3. Dollar General
4. Dollar General
5. Dollar General
6. Dollar Tree
Hand over heart, this Kat suspects virtually no Kat readers answered all these questions correctly (this Kat had to read the report several times even to be able to provide the correct answers). The main reason that it is so difficult to answer correctly is that each of the three company names contains the word “dollar”, but the term does not have much distinctive power. Not only that, but the significance connoted by the term “dollar” is not consistent across the three companies. Only Dollar Tree actually offers most of its products for sale at more or less at a single price point-- $1.00; the other two companies appear to target a less affluent clientele, but each maintains multiple price-points. As such, one might be tempted to conclude that the word is descriptive in connection with DollarTree, but misdescriptive regarding Family Dollar and Dollar General. In any event, the real challenge is to keep the names of the three companies separate and distinct. No matter, each of the three companies has registered its respective mark(s) in the United States for retail services (query whether the same result would obtain in other jurisdictions).

Based on the foregoing, the saga of Family Dollar, Dollar Tree and Dollar General poses a trade mark challenge for this Kat. How many times have we advised clients that there is little branding value in selecting a mark in light of a crowded field of existing registrations, each of which includes a common, arguably descriptive word (such as “dollar”). We are reminded by scholars and commentators that there is a virtually infinite number of possible words that one can adopt for use as a trade mark. And yet, when it comes to these three retailers, each chose to forego adopting a strongly inherent distinctive mark in favour of adopting a mark and name centring on the word “dollar”, the better to convey various forms of the same message to consumers—we offer low-priced goods (in the one case, apparently more or less at a single price point). Not only that, but each of the companies appears to have enjoyed substantial commercial success.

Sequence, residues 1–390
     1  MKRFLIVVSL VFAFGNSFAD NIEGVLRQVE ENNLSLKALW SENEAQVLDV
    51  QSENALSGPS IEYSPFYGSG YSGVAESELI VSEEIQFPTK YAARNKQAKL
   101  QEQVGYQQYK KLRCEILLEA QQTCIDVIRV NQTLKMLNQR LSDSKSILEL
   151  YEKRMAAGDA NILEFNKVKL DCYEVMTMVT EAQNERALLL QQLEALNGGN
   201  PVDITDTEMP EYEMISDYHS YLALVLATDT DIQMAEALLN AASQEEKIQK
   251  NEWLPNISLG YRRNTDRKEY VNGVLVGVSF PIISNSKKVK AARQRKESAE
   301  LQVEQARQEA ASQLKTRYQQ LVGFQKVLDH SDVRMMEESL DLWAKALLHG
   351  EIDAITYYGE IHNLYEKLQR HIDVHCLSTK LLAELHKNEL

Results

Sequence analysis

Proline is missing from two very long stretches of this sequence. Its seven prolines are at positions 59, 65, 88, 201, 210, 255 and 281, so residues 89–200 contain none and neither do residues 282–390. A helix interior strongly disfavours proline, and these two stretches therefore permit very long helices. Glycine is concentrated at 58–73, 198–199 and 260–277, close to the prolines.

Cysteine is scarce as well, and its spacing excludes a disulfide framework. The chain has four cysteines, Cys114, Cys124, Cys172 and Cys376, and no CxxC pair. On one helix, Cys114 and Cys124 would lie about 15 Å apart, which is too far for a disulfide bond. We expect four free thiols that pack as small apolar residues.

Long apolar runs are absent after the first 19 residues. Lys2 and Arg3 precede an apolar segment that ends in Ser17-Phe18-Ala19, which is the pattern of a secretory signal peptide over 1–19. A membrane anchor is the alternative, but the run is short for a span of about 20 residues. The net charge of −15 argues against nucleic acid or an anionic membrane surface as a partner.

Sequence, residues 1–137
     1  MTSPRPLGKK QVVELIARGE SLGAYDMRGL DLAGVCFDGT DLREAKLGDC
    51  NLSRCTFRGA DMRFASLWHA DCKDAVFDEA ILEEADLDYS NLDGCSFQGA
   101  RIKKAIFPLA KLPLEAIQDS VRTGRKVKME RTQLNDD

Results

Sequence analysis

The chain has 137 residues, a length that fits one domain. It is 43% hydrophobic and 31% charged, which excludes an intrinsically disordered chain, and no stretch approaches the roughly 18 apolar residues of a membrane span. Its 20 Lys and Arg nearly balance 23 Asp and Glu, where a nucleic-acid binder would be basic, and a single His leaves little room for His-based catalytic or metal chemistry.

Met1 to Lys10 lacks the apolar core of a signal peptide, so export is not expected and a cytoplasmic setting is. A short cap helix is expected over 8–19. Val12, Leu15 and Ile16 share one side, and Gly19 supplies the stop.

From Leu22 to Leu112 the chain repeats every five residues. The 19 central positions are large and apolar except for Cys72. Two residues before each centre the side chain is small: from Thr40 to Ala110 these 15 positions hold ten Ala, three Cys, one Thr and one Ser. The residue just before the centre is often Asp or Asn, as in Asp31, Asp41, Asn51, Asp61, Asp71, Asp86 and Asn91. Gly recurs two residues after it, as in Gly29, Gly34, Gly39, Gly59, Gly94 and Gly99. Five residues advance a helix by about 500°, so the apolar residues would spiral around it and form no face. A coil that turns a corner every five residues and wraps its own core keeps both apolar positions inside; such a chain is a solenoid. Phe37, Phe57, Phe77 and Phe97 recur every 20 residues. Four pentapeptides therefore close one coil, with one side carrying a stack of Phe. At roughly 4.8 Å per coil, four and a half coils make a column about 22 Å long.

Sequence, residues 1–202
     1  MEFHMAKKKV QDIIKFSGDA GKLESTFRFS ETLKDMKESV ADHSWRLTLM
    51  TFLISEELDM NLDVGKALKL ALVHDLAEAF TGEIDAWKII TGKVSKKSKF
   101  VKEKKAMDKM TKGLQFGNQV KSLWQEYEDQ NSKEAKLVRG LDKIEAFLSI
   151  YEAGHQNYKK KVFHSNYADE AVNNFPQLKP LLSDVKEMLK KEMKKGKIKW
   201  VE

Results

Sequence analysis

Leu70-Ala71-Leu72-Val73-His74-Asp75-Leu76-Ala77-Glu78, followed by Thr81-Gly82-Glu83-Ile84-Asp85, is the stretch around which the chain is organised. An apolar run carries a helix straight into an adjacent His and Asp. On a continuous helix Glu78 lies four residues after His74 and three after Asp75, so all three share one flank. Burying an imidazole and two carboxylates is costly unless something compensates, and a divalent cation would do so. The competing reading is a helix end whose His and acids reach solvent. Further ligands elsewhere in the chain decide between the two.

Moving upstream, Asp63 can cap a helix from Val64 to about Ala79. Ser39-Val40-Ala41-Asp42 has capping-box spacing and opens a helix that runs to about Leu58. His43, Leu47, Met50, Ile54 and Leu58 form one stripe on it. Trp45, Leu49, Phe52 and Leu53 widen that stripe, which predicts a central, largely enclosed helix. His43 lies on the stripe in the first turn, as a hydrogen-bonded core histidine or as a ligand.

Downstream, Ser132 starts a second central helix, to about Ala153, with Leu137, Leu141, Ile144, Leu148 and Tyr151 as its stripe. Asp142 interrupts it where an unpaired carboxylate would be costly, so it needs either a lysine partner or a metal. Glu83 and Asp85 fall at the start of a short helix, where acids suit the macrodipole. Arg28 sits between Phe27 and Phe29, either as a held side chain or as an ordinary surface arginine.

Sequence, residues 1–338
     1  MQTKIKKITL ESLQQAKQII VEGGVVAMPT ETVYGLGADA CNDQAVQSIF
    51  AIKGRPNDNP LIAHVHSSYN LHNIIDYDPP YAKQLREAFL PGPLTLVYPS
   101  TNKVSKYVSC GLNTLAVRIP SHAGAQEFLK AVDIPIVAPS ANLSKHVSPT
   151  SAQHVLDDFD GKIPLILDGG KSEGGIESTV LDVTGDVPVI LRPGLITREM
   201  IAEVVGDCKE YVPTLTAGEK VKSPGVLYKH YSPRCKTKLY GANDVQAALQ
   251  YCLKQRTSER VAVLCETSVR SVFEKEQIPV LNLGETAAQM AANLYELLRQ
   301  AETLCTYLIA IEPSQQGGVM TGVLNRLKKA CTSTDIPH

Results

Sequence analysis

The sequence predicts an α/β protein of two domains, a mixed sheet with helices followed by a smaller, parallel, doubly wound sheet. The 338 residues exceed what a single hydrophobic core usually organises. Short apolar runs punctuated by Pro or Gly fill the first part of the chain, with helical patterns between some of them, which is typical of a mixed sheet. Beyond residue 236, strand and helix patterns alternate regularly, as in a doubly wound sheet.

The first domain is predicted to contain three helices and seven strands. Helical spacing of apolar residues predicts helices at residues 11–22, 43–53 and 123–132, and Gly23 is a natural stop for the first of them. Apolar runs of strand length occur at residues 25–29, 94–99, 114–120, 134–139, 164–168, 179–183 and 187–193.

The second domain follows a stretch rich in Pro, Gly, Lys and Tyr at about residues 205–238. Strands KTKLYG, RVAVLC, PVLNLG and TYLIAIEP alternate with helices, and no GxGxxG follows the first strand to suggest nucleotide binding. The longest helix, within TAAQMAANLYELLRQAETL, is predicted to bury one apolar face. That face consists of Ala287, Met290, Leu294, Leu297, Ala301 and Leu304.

Presumably, the three companies were prepared to risk a bit of consumer confusion (“Mrs Kat, I am going out to buy that item at the “Dollar Store”), in the belief, apparently justified, that each of them could develop brand awareness and even consumer loyalty to encourage sufficient custom, while at the same enjoying the benefit of the customer message that the word “dollar” conveys. This is no mean branding feat, given that the customer is confronted with distinguishing between Family Dollar, Dollar Tree and Dollar General (indeed, this Kat is hoping to find that “Dollar Store” soon, before Mrs Kat begins to worry about his whereabouts). The branding reality of Family Dollar, Dollar Tree and Dollar General is a cautionary tale for all trade mark practitioners about the complexity of trade mark distinctiveness and the ultimate value of a mark.

More on Family Dollar, here.
More on Dollar Tree, here.
More on Dollar General, here.

3 comments:

patently said...

I hate to say it, but has the Kat become confused between some of the names?

"one might be tempted to conclude that the word is descriptive in connection with Family Tree"

I'm sure he has the sympathy of all of us...

Anonymous said...

Chat par exemple !

Anonymous said...

I thought he was just trying to confuse us all with a deliberate typo!?